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Sometimes a business will choose to lease assets long-term instead of buying them outright. A finance lease will be used by business owners to get better financial terms or because they lack the necessary funding to complete the purchase outright. As such, whether or not using a finance lease is in your best interests depends on your specific circumstances. This article will outline what a finance lease is and what your key considerations should be before entering into one.

What is a Finance Lease?

A finance lease involves the lessor (a person or group who leases money to another, usually a finance company in these situations) purchasing an asset such as equipment or a vehicle and then leasing it to the lessee (a person who has a right to use the item being leased) for a specified amount of time.

As the lessor purchased the vehicle, they can claim the goods and services tax (GST) from the purchase price and the rental payments to exclude GST. The lessor will recover the purchase price of the asset plus interest through the rental payments made by the lessee.

At the end of the lease, the lessee has the option to buy the asset (often for a small amount or by completing the last rental payment).

How is a Finance Lease Different to an Operating Lease?

An operating lease differs from a finance lease in a few ways, including:

  • the repayments will not cover the full value of the asset in question;
  • the agreement itself will last for less than the asset’s useful life;
  • at the end of an operating lease term, the lessee can return the equipment without any further obligations; and
  • all the running costs of operating the asset are included in the lease. This is generally not the case for finance leases, leading to greater price fluctuation and administrative expenses.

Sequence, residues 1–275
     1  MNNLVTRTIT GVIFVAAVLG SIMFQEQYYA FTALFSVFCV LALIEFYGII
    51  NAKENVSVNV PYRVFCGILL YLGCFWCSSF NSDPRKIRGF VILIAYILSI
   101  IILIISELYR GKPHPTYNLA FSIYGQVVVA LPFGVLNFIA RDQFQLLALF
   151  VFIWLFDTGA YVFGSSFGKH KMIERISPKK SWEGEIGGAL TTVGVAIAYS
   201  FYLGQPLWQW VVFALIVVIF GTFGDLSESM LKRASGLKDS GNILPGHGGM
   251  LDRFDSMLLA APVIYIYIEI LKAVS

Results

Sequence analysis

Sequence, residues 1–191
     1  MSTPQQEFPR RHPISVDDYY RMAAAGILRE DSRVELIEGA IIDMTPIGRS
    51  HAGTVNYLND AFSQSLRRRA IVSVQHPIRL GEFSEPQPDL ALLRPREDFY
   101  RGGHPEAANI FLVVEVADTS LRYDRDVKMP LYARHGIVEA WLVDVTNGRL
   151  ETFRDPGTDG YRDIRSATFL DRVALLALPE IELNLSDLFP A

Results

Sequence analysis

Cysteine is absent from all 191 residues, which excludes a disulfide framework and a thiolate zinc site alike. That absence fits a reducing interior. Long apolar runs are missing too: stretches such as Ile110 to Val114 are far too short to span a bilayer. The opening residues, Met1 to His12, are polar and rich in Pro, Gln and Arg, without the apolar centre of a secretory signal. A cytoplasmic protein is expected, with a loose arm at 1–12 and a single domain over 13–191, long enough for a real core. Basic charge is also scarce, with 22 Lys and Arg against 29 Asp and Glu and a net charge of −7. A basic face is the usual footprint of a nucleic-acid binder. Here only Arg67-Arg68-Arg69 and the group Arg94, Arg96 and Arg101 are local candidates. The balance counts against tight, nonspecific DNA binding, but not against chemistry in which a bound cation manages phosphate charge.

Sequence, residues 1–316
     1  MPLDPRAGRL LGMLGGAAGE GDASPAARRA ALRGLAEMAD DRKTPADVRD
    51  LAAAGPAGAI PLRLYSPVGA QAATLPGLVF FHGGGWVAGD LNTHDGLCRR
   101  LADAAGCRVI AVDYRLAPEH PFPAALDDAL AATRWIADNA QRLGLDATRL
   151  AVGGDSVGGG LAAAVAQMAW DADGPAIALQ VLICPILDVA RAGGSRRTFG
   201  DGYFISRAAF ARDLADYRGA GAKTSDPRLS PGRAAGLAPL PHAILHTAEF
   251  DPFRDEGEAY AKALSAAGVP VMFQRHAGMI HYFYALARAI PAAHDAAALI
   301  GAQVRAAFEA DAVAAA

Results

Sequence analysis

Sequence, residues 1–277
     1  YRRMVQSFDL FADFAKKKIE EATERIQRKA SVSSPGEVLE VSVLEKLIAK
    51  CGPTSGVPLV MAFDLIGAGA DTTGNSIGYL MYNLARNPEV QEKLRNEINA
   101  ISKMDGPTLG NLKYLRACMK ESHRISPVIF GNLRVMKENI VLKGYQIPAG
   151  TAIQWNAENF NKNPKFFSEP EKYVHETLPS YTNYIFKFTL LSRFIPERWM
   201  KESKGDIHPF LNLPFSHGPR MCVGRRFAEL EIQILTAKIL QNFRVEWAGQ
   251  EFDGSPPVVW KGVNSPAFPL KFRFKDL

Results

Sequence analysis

Lastly, a lease can be considered a finance lease for accounting purposes if the lease agreement substantially transfers the risks and rewards incidental to ownership of the asset to the lessee. The asset will appear on the lessee’s balance sheet as an asset and their obligation to pay rentals.

Conversely, in an operating lease, the lessor takes on the risk of the asset. This type of lease is off the balance sheet and is treated as an operating expense deductible from profits. 

Key Provisions in a Finance Lease


Before you sign a finance lease, you want to be sure of what you are getting yourself into. One of the key clauses to check is your obligation to pay rent. This clause will set out:

  • how much the rent will be;
  • whether it excludes GST;
  • when it is payable;
  • how interest is accrued; and
  • what will happen if you default on your repayments.

It is essential to understand this clause, so you can be confident you will be able to make timely repayments.

Maintenance and Repair

In a finance lease, the lessor takes on the risk of the asset. Understanding the maintenance and repair clause will inform you of your obligations relating to the asset you are leasing.

This clause will say:

  • who needs to pay to service and maintain the asset;
  • how often it should be serviced;
  • what the servicing includes; and
  • who may carry out the maintenance and repair.


Given that assets leased under finance leases are often of great value, it is of critical importance to ensure the asset is insured. The insurance terms will outline who is responsible for making insurance arrangements and who should be nominated as the interested party on the insurance policies. If the lessee is responsible for obtaining insurance, it may also state what the insurance should cover.

Personal Property Securities Register

The finance lease may include a clause creating a security interest under the Personal Property Security Register (PPSR). This means that the grantor, which is usually the lessee, grants a security interest to the secured party (the lessor).

If the lessee becomes insolvent or if it is a corporation that goes into liquidation, the lessee will then be deemed to have surrendered the secured asset to the secured party, and they may sell it to satisfy payment.

Key Takeaways

Obtaining an asset through a finance lease could be an excellent way for your business to access expensive assets such as equipment or vehicles. It is vital to consider the payment terms and tax and accounting implications of a finance lease before entering into one. By doing this, you can be confident it is the right decision for your business. If you need help deciding whether a finance lease is right for you, contact LegalVision’s leasing lawyers on 1300 544 755 or fill out the form on this page.


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